and where would she take the dog? Other than euthanizing her I think the options are pretty small of getting her a home.

So here is a TINY dog who does not see well and cannot hear and winds up with a 'you have to be the alpha" trainer. This is one of the many reasons that I just dont go out into the world to dog events, fun classes and activities with dogs and stay to myself. It just upsets me at such a deep level when dogs are forced and trained to be scared all the time.

Owners dont know any better and I dont expect them to. They are who they are and get information where they can and are not able to discern the good info from the bad...or the illegal sociopath with the 300 dollar haircut from a smart, kind person with good techniques. Another reason why I never Tell people what I do for a living....they think I am like the\at sociopath and then they start to blabber about an episode they saw, how effective he is with dogs.... it does not good to try and point anything out to them so I just shut up and stay with my little world.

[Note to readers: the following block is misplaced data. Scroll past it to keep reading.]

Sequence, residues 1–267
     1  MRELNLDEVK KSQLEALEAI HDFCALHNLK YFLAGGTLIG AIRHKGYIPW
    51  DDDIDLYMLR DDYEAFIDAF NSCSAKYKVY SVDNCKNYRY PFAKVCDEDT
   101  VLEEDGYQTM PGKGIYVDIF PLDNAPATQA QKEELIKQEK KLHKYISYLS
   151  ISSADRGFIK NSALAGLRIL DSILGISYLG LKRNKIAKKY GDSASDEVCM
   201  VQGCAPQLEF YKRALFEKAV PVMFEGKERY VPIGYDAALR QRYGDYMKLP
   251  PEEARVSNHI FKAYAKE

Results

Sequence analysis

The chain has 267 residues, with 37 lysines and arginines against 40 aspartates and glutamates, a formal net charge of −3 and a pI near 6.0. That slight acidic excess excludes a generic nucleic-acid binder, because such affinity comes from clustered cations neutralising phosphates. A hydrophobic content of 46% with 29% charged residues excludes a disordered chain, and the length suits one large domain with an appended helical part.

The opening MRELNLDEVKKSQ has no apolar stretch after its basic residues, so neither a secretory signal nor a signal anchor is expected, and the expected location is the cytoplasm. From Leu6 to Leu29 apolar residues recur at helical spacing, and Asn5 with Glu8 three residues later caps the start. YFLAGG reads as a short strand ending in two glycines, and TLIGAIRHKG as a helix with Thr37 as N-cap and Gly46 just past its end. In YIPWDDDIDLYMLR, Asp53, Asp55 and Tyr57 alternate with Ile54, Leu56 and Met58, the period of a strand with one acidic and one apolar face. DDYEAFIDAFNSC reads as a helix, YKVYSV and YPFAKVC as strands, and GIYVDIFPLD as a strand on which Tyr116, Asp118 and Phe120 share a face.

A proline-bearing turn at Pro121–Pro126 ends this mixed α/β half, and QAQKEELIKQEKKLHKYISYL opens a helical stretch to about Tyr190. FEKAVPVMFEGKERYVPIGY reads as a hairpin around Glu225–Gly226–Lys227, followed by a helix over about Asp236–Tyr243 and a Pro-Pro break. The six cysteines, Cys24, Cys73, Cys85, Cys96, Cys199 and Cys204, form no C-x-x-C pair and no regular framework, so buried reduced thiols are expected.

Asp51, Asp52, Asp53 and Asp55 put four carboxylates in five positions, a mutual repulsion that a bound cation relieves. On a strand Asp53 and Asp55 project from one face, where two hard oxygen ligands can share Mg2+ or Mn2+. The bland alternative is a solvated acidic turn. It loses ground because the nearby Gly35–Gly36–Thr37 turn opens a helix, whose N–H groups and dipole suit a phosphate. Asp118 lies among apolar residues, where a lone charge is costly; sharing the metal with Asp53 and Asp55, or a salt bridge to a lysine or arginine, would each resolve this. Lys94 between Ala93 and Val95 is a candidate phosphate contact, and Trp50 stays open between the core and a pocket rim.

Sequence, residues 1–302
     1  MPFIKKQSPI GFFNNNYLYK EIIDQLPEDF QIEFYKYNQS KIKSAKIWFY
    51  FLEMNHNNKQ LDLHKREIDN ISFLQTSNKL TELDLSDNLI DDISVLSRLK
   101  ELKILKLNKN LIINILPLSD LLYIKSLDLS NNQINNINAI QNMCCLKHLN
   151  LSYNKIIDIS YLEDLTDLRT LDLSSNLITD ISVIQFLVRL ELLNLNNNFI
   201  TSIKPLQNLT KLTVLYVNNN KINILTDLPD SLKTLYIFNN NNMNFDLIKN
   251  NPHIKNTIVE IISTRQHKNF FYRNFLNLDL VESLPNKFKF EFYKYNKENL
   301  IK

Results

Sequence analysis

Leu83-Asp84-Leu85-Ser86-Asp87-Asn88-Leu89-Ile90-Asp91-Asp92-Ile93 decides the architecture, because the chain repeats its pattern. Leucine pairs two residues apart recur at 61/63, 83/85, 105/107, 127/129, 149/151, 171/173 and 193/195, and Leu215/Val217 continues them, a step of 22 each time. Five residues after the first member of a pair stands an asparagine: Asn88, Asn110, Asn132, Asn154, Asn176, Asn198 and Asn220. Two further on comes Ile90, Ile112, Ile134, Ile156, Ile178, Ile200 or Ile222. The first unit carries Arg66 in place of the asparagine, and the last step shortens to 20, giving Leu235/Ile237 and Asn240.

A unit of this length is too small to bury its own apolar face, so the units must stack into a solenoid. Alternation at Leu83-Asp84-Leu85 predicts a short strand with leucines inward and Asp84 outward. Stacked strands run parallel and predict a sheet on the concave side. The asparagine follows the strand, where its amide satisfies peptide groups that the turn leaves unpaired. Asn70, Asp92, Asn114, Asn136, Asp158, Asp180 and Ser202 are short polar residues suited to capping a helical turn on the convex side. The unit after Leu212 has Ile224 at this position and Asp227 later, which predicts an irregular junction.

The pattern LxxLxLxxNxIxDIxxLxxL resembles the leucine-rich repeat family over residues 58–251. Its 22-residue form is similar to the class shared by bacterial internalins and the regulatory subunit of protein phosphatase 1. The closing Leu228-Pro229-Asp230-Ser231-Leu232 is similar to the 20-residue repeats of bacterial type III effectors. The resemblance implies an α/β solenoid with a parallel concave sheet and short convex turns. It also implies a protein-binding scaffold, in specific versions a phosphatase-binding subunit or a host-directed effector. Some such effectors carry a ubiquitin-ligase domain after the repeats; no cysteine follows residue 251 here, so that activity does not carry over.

One client, who had gone through the r/rehab class and not only did her dog improve I worked like a Roman slave for her to understand and get it right, came up to me one Sunday She had gone to one of Erin's agility play days. She was giggling and proudly telling me that her dog had been 'trained by Caesar" and told when the show would air.